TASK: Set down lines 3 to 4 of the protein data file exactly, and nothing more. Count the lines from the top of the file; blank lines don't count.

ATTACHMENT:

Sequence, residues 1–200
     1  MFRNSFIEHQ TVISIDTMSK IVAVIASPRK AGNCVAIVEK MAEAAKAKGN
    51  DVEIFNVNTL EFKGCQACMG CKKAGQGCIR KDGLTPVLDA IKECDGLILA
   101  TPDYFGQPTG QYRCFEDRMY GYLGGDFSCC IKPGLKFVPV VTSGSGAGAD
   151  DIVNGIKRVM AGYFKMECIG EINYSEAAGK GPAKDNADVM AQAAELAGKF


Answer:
    51  DVEIFNVNTL EFKGCQACMG CKKAGQGCIR KDGLTPVLDA IKECDGLILA
   101  TPDYFGQPTG QYRCFEDRMY GYLGGDFSCC IKPGLKFVPV VTSGSGAGAD